Jesus said, ” ‘Love the Lord your God with all your heart, with all your soul, with all your mind, and with all your strength.’ This is the first commandment. And the second, is like it: ‘You shall love your neighbour as yourself.’ There is no other commandment greater than these’ ” (Mark 12:30-31).
The Rainham believers, at the time they settled in Canada at the end of the 1700s, had no other desire than to live out all the values and teachings of the Lord Jesus. This, above all, involved the Sermon on the Mount, Jesus’ teachings on repentance, humility, peace, simple living (separation from worldly trends) and wholesome family living. They used the complete New Testament as their guide.
On this foundation they preached, instructed their young, and established strong relationships with other believing fellowships far and wide. Visiting Mennonites from the Niagara and Twenty Mile Creek settlements kept in contact through the mail and through visits. Quakers, Primitive Methodists, Tunkers and Disciples of Christ, in the early years, also had much in common with our Anabaptist families during the 1800s. But as time passed on, while Canadian Christians dropped one value after the next, the distinctive convictions of the “plain people” stood more and more in contrast to the world around them.
Some of these writings, loved and much used by Anabaptist families in Rainham Township, will describe what they believed and hoped for:
Early Christian Beliefs
Christians, living at Antioch in Syria, first developed a series of questions and answers that described succinctly what they believed about God, about Jesus the Saviour, and about the Holy Spirit’s work in the Christian Church. Centuries later, a Dutch-German Anabaptist, Gerrit Roosen (1612-1711), built a larger work out of this Early Christian writing. First published in Germany in 1702, and in Pennsylvania by 1769, it was often reprinted by Anabaptist believers. Popularly known as the Christlichtes Gemüths-Gespräch, every young teenager received a copy when he or she entered the stage of responsibility (durch Jahre und Verstand). Through personal Bible study, encouraged by this book, often brought new applicants for baptism and membership in Church communities, a blessing that still continues to happen regularly amongst descendants of the first Rainham settlers.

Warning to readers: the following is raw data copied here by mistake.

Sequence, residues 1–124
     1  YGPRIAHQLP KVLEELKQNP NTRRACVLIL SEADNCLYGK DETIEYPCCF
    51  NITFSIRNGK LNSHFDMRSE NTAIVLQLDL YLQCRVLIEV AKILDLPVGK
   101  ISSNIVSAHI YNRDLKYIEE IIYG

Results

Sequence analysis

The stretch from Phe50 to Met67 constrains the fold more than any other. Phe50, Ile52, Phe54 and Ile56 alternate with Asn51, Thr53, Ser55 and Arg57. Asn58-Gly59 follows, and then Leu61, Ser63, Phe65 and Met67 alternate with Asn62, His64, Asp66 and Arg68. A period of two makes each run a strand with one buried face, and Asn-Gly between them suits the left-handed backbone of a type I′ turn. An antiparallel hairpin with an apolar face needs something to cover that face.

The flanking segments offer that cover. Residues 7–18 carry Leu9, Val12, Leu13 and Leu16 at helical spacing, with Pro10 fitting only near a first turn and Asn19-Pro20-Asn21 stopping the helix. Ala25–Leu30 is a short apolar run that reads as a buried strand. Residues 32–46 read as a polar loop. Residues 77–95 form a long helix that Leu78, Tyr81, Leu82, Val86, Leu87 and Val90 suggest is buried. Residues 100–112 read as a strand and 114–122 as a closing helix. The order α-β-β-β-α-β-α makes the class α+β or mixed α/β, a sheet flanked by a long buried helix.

In 1857 this book was translated to English and it is still published, as needed, under the name, Christian Spiritual Conversation on Saving Faith. Read an excerpt.
In February 1527 a number of Anabaptist believers met to discuss and agree on what they believed, regarding housekeeping within the house of God (the Church).
These agreements, patterned on the teachings of Jesus and his Apostles, still bring unity and peace among many Rainham descendants today.
You may read more about what happened at Schleitheim in 1527, or else you may read on the articles in English translation: On the Sword.
Anabaptist Beliefs in Pennsylvania
Christian Burkholder (1746-1809) arrived in Earl Township, Lancaster County, as a boy in 1755. Baptised and chosen to church leadership, Christian became a widely loved counsellor and friend to many, especially to the young people he instructed for baptism.
Before he died, Christian Burkholder wrote up what he felt most important: Addresses to Youth on True Repentance and Saving Faith in Jesus Christ. First published in German this small book was translated in 1857 to English, and its enduring value continues among many families with roots in Rainham Township, Ontario. Read one part of this writing.
During the mid and late 1800s the Anabaptist families in the Rainham Settlement gradually became familiar with the English language. For some members of the congregation, especially the elderly, this switch was painful and spiritually unsettling. Prayers, songs and teachings in English did not carry the same conviction and flavour. But, thanks to the Lord, those who truly shared the hope of everlasting life with Jesus, they found new words and expressions to share what they believed.
The, anonymous writing, most likely of the late 1800s, describes the hopes and joy of the Anabaptist settlers. Read more.
What We Believe and Hope For Today
Through two centuries of drastic change and social evolution, our families who settled in Rainham Township have needed to readjust our practices, over and over. But, thanks to our Lord Jesus, the Truth itself never changes! “Jesus Christ is the same yesterday and today and forever” (Hebrews 13:8).
To know what many of us continue to believe and practice today, read more.